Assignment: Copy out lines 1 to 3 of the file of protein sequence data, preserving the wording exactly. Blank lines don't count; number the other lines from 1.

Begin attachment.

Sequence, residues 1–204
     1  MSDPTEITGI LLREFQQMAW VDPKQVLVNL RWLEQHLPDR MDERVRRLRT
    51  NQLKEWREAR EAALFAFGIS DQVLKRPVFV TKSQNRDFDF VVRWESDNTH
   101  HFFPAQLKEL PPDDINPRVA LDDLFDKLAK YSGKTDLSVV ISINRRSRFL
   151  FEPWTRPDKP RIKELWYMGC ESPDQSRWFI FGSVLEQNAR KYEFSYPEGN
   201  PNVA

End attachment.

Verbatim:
Sequence, residues 1–204
     1  MSDPTEITGI LLREFQQMAW VDPKQVLVNL RWLEQHLPDR MDERVRRLRT
    51  NQLKEWREAR EAALFAFGIS DQVLKRPVFV TKSQNRDFDF VVRWESDNTH